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At city-run Bellevue Hospital, on the front lines of coronavirus response, medical professionals are concerned they don’t have all the tools needed to keep themselves and patients safe — starting with masks.
The most effective form of personal protection from airborne viruses is an N95 mask, which is tight-fitting to the face and filters even small droplets. The problem at Bellevue and at the 10 other city-run hospitals is that there aren’t anywhere near enough of them.
Over the last week, nurses and doctors at Bellevue have been forced to ration N95 masks — told to reuse them repeatedly, according to staffers who spoke with THE CITY on the condition of anonymity.
City health officials say they currently have 503,000 N95 masks — a far cry from the 2.2 million they’ve requested from the federal Food & Drug Administration for both city-run and volunteer hospitals.
Amid the shortage, officials late last week approved the use of surgical masks as a substitute. De Blasio defended the move, stating, “Our ideal is to get a substantial number of new N95 masks, but we are more confident now that surgical masks can achieve a lot of what we need for sure.”
But surgical masks offer less protection.
According to the FDA, “While a surgical mask may be effective in blocking splashes and large-particle droplets, a face mask, by design, does not filter or block very small particles in the air that may be transmitted by coughs, sneezes, or certain medical procedures.”
The FDA notes that surgical masks “do not provide complete protection from germs and other contaminants because of the loose fit between the surface of the face mask and your face.”
On Monday, a nurse at Bellevue told THE CITY “the most pressing issue” for staff is getting proper masks amid changing guidance from health officials.
Previously, staffers were directed to protect against germs in the air, requiring the heightened protection provided by the N95 mask.
Now, the nurse said hospital staff was told, the U.S. Centers for Disease Control is lowering the standard to permit a standard surgical mask to be used instead.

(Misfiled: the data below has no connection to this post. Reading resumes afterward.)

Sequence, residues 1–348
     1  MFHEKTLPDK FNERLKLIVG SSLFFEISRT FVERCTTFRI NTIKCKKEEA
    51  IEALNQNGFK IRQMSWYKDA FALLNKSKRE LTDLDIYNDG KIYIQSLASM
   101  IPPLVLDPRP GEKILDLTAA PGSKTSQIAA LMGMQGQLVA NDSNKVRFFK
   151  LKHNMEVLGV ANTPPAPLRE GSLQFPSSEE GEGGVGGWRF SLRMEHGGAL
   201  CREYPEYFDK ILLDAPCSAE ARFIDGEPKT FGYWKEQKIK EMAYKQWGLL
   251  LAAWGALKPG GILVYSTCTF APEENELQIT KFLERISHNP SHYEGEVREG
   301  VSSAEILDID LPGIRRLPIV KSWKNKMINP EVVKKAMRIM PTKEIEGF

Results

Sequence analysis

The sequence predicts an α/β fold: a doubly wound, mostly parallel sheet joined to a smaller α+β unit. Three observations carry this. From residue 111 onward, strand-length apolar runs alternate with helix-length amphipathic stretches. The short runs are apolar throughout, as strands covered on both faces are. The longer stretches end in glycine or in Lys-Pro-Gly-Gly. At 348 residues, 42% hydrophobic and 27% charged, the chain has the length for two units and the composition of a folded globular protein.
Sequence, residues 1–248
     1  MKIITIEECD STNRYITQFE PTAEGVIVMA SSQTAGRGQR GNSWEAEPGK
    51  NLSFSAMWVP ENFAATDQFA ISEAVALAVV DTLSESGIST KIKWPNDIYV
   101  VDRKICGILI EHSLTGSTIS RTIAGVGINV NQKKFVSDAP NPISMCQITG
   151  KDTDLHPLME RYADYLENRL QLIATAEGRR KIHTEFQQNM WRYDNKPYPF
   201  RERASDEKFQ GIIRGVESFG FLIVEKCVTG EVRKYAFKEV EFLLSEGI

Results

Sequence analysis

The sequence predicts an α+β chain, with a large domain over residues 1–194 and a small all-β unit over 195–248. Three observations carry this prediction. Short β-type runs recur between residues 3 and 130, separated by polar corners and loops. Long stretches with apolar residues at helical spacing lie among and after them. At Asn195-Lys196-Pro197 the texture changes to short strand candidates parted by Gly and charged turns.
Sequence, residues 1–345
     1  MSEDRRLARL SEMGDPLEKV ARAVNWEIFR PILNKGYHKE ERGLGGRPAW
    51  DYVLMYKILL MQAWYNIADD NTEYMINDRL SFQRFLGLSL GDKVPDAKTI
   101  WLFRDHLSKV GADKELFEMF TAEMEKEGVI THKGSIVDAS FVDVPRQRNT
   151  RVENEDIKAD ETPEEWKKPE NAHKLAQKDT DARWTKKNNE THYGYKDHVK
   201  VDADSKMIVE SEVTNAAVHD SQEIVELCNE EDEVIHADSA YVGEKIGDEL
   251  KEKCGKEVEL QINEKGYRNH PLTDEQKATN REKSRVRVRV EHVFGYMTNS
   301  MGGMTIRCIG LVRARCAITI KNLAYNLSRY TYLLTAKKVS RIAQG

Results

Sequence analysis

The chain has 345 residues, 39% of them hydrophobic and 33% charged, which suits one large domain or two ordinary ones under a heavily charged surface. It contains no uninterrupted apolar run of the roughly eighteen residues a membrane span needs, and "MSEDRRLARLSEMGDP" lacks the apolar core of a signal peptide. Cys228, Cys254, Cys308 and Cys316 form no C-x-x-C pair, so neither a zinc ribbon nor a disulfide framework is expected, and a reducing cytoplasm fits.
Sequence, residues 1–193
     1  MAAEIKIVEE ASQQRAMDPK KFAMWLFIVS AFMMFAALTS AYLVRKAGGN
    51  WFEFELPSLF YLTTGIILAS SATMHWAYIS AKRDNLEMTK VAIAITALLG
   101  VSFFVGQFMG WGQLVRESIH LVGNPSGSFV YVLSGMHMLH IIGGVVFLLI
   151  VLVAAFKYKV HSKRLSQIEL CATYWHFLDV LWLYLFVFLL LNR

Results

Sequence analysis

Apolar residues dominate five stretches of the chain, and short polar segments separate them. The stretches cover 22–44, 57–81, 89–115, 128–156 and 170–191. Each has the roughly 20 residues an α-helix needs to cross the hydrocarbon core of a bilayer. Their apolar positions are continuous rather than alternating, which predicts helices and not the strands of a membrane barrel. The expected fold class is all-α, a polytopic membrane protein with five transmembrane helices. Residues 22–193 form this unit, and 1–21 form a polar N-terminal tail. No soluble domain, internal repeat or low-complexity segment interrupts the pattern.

That leaves nurses and other personnel anxious they will be exposed to the deadly virus.
“Staff doesn’t trust the change because they think it’s based on supply shortages and not science,” the nurse told THE CITY.
Another source at Bellevue said health care workers have been told not to worry because coronavirus doesn’t hang in the air like measles.
Late Monday, the New York State Nurses Association weighed in, blasting the federal Centers for Disease Control for relaxing standards by giving the hospitals leeway to substitute surgical masks for the N95s.
“Local and state authorities are following the CDC’s lead and issuing local rules with less protection of health care workers,” the union said in a statement. “These changes in guidance and protocols by the CDC are a direct indication that there are not sufficient supplies of N95 respirators available to safely operate our hospitals and other health care facilities in the face of the COVID-19 pandemic.”
Workers on Front Lines
Since the first New Yorker tested positive for coronavirus March 1, de Blasio has consistently listed the health care system as a crucial institution that must be preserved during the growing outbreak.
On Monday, the number of people in New York City testing positive jumped to 463 and deaths rose to seven.
Meanwhile, THE CITY learned that the number of hospitalizations for coronavirus nearly tripled since Friday — from 30 to 102 on Monday.
Over the same time period, the number of patients in intensive care in the city nearly doubled — from 19 to 36.
De Blasio expressed frustration that the federal government isn’t pressuring medical supply businesses to ramp up production.
He singled out ventilator machines crucial to alleviating the respiratory problems that are a key symptom of coronavirus. “Why is it survival of the fittest instead of a federal government that says to the company that produces ventilators, ‘You’re going on 24/7 production’?” de Blasio asked.
The mayor said the city currently has an adequate supply of ventilators. But sources at Bellevue said that will soon change as the number of patients testing positive grows.
During the same news conference, de Blasio also revealed that both city-run and volunteer hospitals will discharge patients “in a manner that’s appropriate” to help free up beds for potential coronavirus patients.
A source at Bellevue said health care workers began last week releasing patients whose illnesses are deemed to be not life threatening.
A spokesperson for Health and Hospitals Corporation has repeatedly declined to answer THE CITY’s questions about the discharge policy since last week.
A spokesperson for the state Department of Health would not disclose Bellevue or another hospital’s discharge statistics, saying the information is “not publicly available.” The spokesperson noted that the department “is monitoring bed capacity very closely to prepare for an influx of patients.”
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